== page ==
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Science News Staff

Science Ticker

Science Ticker

Measured distance within the Milky Way gives clues to what our galaxy looks like

illustration of Milky Way

FROM THE INSIDE OUT  The best images of the Milky Way are artist’s impressions like this one, as it’s difficult to map the galaxy from our position inside it. But new measurements will give us more direct clues to what the Milky Way actually looks like.

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For the first time, astronomers have directly measured the distance to a spot clear across the galaxy. The established but challenging technique promises a new way to map the structure of the Milky Way.

This technique, called parallax, has measured distances to stars since the 1830s. But because of galactic dust in the way, it has been difficult to use parallax on stars on the opposite side of the galaxy. Other ways to measure distance are saddled with assumptions and uncertainties.

Alberto Sanna of the Max Planck Institute for Radio Astronomy in Bonn, Germany, and his colleagues used the Very Long Baseline Array of radio telescopes in New Mexico to track a star-forming region in the outer Scutum-Centaurus spiral arm, which is on the opposite side of the Milky Way from the local arm where the sun resides. The scientists report in the October 13 Science that the region is more than 66,500 light-years away.

The team observed the distant spot from March 2014 to March 2015, and drew an imaginary triangle between it and two points in Earth’s orbit. They then used trigonometry to measure the distance.

“Our measurement is essentially the same as a surveyor uses to locate points on the Earth,” says study coauthor Mark Reid of the Harvard-Smithsonian Center for Astrophysics. “It requires no model or assumptions.”

Applying the same technique to other regions of the Milky Way will help astronomers figure out what our galaxy looks like from the outside and compare it to other spiral galaxies.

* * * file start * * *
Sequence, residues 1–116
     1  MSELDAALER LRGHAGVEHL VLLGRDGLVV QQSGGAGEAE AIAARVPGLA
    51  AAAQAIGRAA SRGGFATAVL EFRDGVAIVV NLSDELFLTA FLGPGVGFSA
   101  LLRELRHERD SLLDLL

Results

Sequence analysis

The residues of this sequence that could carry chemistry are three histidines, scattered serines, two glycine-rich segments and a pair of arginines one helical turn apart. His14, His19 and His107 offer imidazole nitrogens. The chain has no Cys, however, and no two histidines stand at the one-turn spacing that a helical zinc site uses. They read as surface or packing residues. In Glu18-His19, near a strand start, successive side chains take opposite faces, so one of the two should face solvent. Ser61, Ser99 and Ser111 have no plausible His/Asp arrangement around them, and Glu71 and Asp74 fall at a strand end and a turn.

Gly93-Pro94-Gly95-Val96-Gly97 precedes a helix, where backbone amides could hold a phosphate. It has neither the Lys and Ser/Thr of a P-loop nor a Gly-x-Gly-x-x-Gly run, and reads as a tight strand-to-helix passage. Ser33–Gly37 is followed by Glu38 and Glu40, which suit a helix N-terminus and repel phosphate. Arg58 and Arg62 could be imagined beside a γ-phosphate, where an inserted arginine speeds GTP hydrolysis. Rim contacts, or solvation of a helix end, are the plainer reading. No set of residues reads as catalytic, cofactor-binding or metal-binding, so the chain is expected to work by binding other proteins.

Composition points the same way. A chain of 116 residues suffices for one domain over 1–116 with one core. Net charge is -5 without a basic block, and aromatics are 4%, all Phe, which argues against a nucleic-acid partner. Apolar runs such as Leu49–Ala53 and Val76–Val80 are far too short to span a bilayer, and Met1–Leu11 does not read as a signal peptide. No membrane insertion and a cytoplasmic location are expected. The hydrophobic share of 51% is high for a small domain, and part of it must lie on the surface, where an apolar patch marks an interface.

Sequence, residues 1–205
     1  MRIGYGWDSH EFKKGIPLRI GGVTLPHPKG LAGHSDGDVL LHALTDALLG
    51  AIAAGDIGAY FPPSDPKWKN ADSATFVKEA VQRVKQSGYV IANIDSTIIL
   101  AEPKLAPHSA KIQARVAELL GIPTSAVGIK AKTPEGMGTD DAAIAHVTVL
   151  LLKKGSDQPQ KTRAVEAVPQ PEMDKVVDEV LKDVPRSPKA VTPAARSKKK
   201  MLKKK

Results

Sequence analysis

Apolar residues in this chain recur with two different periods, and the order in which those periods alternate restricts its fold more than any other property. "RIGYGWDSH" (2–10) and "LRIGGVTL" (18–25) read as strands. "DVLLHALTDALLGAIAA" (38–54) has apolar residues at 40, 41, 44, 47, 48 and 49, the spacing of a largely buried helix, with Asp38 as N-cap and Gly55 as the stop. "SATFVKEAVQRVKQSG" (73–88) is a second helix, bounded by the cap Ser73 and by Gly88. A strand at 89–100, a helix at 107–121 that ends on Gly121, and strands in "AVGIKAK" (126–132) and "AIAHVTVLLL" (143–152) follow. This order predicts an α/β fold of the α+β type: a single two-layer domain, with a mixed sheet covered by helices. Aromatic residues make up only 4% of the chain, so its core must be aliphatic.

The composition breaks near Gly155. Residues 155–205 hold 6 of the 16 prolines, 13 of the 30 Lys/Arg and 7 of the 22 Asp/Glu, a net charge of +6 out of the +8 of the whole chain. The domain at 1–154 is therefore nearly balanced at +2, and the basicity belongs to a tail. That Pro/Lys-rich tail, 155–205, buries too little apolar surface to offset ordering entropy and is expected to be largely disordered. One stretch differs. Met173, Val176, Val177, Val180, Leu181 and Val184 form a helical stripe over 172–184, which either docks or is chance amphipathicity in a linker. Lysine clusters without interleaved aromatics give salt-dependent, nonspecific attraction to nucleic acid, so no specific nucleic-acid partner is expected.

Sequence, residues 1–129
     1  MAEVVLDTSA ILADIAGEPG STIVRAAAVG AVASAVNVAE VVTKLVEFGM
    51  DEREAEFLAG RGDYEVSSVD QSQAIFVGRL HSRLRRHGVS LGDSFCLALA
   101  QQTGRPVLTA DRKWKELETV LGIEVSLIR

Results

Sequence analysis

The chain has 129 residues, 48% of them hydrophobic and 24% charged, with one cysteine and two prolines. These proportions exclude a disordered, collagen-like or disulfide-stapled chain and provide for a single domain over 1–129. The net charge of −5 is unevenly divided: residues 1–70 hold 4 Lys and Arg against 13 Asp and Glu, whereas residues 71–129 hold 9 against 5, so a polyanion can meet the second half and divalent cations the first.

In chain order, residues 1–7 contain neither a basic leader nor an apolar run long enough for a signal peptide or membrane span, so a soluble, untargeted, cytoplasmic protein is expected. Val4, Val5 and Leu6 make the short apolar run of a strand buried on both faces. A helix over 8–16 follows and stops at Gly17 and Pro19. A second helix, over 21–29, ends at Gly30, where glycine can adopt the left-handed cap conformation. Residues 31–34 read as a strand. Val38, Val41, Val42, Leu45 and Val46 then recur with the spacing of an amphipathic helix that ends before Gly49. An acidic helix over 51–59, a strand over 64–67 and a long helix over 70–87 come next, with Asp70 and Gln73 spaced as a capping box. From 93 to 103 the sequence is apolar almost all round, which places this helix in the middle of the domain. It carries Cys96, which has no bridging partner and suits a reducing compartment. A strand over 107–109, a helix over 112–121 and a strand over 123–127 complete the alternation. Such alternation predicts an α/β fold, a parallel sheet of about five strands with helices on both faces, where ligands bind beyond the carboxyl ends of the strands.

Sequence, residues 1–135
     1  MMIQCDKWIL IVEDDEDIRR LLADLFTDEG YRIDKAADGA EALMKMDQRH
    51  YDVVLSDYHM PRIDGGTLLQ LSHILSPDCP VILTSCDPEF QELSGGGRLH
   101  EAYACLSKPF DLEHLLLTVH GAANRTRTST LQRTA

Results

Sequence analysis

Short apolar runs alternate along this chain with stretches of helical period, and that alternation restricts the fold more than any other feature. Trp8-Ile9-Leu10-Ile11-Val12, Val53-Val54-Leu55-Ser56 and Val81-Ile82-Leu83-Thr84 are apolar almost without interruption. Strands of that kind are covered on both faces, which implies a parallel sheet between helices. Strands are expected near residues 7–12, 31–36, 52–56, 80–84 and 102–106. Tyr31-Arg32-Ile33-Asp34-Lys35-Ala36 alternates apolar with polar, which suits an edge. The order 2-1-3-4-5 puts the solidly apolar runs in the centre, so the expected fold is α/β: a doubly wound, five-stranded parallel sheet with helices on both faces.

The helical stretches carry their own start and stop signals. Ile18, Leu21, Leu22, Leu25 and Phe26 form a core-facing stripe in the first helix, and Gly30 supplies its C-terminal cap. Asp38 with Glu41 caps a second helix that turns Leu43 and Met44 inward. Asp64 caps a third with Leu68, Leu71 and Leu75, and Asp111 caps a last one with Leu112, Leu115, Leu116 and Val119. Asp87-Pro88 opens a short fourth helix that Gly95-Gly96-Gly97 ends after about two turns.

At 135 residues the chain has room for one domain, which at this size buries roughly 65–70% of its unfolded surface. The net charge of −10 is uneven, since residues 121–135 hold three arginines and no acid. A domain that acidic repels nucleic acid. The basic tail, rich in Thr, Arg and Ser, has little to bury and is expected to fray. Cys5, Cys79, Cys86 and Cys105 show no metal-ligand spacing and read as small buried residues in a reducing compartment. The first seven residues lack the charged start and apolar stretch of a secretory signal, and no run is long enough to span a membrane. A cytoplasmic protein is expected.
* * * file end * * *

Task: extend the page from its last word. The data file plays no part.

“We predict that, within the next 10 years, we will be able to answer the question: What does the Milky Way look like?” Sanna says.

Animals,, Oceans,, Conservation

New deep-sea sponge could play a starring role in monitoring ocean health

By Carolyn Gramling 7:00am, October 10, 2017
A new species of sponge that dwells on metal-rich rocks could help scientists track the environmental impact of deep-sea mining.
Animals,, Paleontology

Ancient whale turns up on wrong side of the world

By Laurel Hamers 12:00pm, October 9, 2017
A Southern Hemisphere whale species was briefly a northern resident.
Chemistry,, Technology

Cool way to peer into molecules’ inner workings wins chemistry Nobel Prize

By Laurel Hamers 8:04am, October 4, 2017
Three scientists will split the prize for their work developing cryo-electron microscopy.
Paleontology,, Animals

A baby ichthyosaur’s last meal revealed

By Helen Thompson 2:00am, October 3, 2017
A new look at an old fossil shows that some species of baby ichthyosaurs may have dined on squid.
Physiology,, Biomedicine

Body clock mechanics wins U.S. trio the Nobel Prize in physiology or medicine

By Tina Hesman Saey 6:41am, October 2, 2017
The cellular mechanisms governing circadian rhythms was a Nobel Prize‒winning discover for three Americans.

Bedbugs may be into dirty laundry

By Helen Thompson 9:00am, September 28, 2017
When humans aren’t around, bedbugs go for the next best thing: smelly human laundry.

Saber-toothed kittens were born armed to pounce

By Carolyn Gramling 2:00pm, September 27, 2017
Even as babies, saber-toothed cats had not only oversized canine teeth but also unusually powerful forelimbs.
Paleontology,, Animals

This giant marsupial was a seasonal migrant

By Laurel Hamers 7:05pm, September 26, 2017
The giant, extinct marsupial Diprotodon optatum migrated seasonally, the first marsupial shown to do so.

About 1 in 5 teens has had a concussion

By Aimee Cunningham 11:00am, September 26, 2017
Almost 20 percent of U.S. teens have had at least one diagnosed concussion in the past, an analysis of a 2016 national survey finds.

Plate tectonics started at least 3.5 billion years ago

By Carolyn Gramling 3:12pm, September 21, 2017
Analyses of titanium in rock suggest plate tectonics began 500 million years earlier than thought.
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